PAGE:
based Tauroa-Tibble’s creative work started later in life with designing and making her own concrete garden sculptures. After a 10-year break, to look after her parents full-time she found the urge to be creative calling her to do more and turned to painting in acrylics and oils when she could. is a self-taught artist. As she has had no formal training a lot of her previous paintings have been gifted to family and friends who live both here and in Australia. has often used the koru and other Maori symbols to design her own artwork. Her passion stems from the beauty she sees around her; landscapes, sea and beach scenes where can change dramatically from her subtle pastels to the bold fiery . started painting full-time in January 2019 when her passion turned into an obsession. Life experiences whether joy or sadness are incorporated in every painting. “My medium of choice is oil, which I use over acrylic, I enjoy seeing a painting start in acrylics and then come to life in oils.”
Wednesday 18 March 2020 - Friday 17 July 2020
Tarja is a Finnish painter, who lives in Forrest Hill, Auckland. Painting was at first a hobby which she found four years ago through a strong internal fire and life-long interest in arts. As Tarja moved to New Zealand two and a half years ago, she finally had time to experiment with colours and structures - to see what she could do with brush, paints and piece of canvas.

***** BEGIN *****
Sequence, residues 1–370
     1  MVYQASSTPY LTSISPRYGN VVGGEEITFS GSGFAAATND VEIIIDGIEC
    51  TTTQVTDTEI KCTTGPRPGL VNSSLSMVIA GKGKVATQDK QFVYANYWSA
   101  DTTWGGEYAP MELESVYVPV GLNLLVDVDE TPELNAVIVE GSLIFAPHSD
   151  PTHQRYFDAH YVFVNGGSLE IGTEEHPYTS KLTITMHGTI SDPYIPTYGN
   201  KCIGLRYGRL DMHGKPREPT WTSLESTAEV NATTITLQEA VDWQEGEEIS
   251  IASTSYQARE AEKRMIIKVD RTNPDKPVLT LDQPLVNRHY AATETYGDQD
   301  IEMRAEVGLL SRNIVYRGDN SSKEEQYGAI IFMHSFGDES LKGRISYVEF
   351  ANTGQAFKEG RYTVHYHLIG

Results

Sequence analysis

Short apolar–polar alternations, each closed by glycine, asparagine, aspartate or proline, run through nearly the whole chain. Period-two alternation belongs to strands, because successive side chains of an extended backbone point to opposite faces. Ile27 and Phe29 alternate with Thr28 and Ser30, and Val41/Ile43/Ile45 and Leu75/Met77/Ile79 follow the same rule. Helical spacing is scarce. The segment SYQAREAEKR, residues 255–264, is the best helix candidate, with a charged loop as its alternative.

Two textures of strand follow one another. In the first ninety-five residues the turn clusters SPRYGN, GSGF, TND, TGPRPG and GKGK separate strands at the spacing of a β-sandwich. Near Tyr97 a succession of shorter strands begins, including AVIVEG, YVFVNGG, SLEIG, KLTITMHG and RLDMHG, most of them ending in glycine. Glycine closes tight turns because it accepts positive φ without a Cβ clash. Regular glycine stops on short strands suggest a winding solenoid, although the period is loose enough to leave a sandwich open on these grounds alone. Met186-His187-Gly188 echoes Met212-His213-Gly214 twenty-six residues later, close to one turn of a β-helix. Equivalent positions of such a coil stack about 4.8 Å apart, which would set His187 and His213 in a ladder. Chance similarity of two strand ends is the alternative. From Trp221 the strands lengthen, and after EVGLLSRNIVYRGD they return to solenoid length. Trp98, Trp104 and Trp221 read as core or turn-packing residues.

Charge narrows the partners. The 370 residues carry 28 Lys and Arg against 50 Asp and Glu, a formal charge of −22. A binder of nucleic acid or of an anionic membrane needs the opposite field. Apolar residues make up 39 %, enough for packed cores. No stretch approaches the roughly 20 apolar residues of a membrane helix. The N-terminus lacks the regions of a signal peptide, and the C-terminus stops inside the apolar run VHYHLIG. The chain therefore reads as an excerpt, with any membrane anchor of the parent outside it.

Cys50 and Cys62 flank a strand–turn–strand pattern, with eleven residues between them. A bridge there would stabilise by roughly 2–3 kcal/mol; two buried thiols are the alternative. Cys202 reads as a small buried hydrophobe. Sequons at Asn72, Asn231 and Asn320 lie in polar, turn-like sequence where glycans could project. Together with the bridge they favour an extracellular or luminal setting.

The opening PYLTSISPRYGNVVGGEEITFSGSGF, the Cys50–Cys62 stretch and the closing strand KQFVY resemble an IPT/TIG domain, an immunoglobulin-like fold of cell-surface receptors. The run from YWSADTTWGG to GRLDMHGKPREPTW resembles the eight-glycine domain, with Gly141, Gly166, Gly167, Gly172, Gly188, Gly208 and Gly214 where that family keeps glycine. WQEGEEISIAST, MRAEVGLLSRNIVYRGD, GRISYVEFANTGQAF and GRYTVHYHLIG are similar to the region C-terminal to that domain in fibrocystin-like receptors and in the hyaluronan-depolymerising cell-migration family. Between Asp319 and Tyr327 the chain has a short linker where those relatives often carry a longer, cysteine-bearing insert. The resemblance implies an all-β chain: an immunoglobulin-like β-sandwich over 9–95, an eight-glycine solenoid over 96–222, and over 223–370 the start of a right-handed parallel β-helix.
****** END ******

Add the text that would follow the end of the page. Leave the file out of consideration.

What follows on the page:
Tarja paints mainly with acrylics and experiments willingly with different kinds of mark-making techniques. Her paintings are abstract, very colourful and intuitive. “I don’t make any pre-sketching or plans how to proceed - I want to paint freely like a child. The starting point may be a colour combination or a current emotional state. So, the outcome is always a happy surprise for me.”
Tarja has had a few solo exhibitions in Auckland 2018-2019. One of her paintings was among the finalists in Hibiscus and Bays Art Awards 2019. In addition, she won the runner-up price in Lake House Arts Centre’s competition for the members 2018. Tarja is particularly proud of the fact that one of her diptychs is part of Wallace Art Foundation’s collection.
Friday 19 June 2020 - Friday 17 July 2020
"Matariki Dreaming" and it combines resident and member artists with Matariki themed works that exhibited at Lake House Arts in 2019. Exhibiting in the B:HIVE Foyer is an exclusive benefit for Lake House Arts Members and is free.
Works from artists Tom Ludvigson, Jill Turney, Jeannine Friedrich, Kelly Kingi, Pat Henley, Tamara Wharewaka and Jethro Hoskin.